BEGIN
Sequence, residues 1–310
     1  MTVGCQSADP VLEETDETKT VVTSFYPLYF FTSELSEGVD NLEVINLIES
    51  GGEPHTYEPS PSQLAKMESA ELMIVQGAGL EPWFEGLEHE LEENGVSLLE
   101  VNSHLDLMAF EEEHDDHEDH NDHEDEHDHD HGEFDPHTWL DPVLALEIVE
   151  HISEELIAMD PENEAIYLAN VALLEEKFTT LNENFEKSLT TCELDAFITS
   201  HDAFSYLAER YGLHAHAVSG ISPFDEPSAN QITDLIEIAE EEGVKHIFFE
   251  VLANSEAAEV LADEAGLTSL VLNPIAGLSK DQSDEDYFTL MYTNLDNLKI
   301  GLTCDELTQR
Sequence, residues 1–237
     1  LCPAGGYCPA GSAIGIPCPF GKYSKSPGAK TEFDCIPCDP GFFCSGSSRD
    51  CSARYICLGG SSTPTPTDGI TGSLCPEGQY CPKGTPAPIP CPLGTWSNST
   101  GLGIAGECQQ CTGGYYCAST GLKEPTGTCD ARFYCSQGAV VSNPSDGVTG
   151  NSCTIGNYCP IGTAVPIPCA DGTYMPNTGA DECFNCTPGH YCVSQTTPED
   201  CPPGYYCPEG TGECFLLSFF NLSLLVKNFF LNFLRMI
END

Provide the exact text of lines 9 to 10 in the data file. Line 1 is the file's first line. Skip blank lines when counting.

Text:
Sequence, residues 1–237
     1  LCPAGGYCPA GSAIGIPCPF GKYSKSPGAK TEFDCIPCDP GFFCSGSSRD